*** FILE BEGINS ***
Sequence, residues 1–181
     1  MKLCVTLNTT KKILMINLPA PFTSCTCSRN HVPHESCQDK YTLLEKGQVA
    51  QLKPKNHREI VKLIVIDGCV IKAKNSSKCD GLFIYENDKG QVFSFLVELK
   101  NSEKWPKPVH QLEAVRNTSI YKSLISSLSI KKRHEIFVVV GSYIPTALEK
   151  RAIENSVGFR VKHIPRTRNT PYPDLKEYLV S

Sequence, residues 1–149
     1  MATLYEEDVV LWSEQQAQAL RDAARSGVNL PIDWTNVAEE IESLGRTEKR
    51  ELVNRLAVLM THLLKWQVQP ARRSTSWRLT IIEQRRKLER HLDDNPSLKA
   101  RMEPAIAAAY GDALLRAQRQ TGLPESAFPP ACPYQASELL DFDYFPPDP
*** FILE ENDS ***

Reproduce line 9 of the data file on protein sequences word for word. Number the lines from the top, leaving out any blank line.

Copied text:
   101  RMEPAIAAAY GDALLRAQRQ TGLPESAFPP ACPYQASELL DFDYFPPDP